A new Michigan instant lottery game planned for bars this fall is mired in a court fight over whether it is legal and is unfair competition to charities that sell similar pull-tab games.
The dispute threatens to unravel half of a lottery plan that Gov. Jennifer Granholm said would add $50 million a year to the cash-hungry state budget.
A lawsuit has temporarily blocked the new pull-tab lottery game, charging that it would violate state lottery laws. The new state game was supposed to be available in Class C liquor establishments in October, along with a new electronic keno game.
An establishment with a Class C license can sell beer, wine and liquor for consumption on the premises.
Pull-tabs offer players a chance to win cash prizes from $1 to $200, which are paid immediately at the liquor establishment. Players peel off perforated tabs revealing windows with rows of symbols -- a sort of paper slot machine.
The game is similar to pull-tab games already used by charitable organizations for fund-raisers. Those tickets are printed and distributed by the lottery bureau, which last year delivered pull-tabs to charities; the bureau does not make a profit on those tickets. The charities sold $225 million worth of tickets.
In their lawsuit, Robert and Linda Brazier of Indian River charge that the lottery's new pull-tab game would steal business from charities. The Braziers' company, Black Jacks, delivers charity pull-tab tickets to churches and other nonprofit groups that use them for fund-raisers.
Their suit also claims the new game would give bar owners too much control over the pull-tabs, in violation of state rules.
State officials argue that the state has broad authority to develop new games.
"It's like an instant ticket, only a little different," said Assistant Attorney General Donald McGehee.
State Lottery Commissioner Gary Peters said the state's bar game will appeal to a different clientele than do charity-run pull-tabs. He said he's tightened rules for bar-owners to run the pull-tab game.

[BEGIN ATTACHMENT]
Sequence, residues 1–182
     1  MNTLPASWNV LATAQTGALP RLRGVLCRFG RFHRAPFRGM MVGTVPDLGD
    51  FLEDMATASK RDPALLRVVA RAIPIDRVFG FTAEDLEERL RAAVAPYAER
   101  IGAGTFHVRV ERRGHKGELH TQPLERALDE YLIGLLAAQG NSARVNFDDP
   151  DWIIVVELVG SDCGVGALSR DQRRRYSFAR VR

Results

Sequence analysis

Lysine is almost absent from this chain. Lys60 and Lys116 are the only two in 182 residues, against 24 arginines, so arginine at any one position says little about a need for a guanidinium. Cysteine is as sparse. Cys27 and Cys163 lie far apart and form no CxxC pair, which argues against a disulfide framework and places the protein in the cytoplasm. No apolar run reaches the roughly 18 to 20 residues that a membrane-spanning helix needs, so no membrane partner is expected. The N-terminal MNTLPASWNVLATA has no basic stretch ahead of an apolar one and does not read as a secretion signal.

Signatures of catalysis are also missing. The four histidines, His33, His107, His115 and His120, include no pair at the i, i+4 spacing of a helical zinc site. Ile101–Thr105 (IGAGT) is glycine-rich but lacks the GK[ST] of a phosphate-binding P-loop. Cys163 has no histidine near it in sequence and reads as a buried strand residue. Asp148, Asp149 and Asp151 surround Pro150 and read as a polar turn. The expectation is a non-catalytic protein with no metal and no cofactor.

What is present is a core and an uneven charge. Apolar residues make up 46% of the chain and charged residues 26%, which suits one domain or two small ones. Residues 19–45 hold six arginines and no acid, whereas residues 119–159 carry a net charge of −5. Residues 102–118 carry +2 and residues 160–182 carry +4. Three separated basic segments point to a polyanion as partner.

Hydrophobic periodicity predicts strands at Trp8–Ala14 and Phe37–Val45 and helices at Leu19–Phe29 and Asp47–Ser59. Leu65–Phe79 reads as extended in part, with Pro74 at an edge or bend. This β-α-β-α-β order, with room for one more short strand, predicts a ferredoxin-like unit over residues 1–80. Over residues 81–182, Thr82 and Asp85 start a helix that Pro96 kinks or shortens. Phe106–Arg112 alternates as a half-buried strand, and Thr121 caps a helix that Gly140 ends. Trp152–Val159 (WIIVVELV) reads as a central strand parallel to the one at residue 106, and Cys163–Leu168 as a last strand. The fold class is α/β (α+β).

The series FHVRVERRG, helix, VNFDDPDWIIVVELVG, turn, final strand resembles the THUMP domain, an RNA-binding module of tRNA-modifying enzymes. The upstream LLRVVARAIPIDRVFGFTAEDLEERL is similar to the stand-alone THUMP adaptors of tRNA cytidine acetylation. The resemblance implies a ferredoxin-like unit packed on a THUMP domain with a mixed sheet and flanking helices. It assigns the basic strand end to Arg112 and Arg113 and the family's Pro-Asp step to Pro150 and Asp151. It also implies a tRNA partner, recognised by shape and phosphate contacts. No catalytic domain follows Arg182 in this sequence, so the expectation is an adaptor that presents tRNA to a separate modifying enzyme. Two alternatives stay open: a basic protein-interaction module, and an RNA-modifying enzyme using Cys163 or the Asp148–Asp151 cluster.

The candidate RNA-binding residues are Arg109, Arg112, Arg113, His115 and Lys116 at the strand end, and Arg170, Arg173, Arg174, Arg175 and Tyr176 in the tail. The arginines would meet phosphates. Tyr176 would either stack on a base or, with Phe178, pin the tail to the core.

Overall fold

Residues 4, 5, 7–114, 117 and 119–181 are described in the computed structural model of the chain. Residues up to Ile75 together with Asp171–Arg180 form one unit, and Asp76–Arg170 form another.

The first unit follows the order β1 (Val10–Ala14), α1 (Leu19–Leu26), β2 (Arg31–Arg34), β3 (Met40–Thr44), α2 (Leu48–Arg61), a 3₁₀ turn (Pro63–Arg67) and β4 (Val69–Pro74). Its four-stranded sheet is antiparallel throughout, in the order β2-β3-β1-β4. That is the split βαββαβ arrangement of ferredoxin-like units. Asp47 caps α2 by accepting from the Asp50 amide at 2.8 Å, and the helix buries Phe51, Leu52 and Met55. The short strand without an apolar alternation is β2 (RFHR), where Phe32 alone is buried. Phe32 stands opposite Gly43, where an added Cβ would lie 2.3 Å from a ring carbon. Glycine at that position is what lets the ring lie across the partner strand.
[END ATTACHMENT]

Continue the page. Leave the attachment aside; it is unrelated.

Peters said the new game is ready to go, but likely will be delayed because of the lawsuit.
Last month, Ingham County Judge James Giddings blocked the state from proceeding with the new pull-tab game until the lawsuit is decided. The case is to be heard next week.
Peters said the new bar keno is on track with 400 liquor establishments signed up so far to offer the game in October.
Meanwhile, a separate lawsuit seeks to stop the lottery bureau from shutting down a private company that sells the $1 pull-tab tickets to about 700 bars and convenience stores. The game tickets, called Ad-Tabs, are distributed from a company in Kenosha, Wis.
Giddings has issued a temporary injunction against the state until the case is heard.
Ad-Tabs' creator, Chip Mitchell, requested the injunction in his company's suit. He says his Ad-Tabs are not a lottery, but promotional coupons that offer discounts of at least $5 on such products as flowers, money clips, pocket knives and dart games.
But the lottery bureau says the Ad-Tabs tickets are indeed a lottery, with cash prizes ranging from $1 to $250. Peters said the cash prizes are Ad-Tabs' main attraction.
Asked if the Ad-Tabs game would steal business from the new lottery pull-tabs, Peters said the state tried to shut down Ad-Tabs two years ago, long before the new state game was conceived.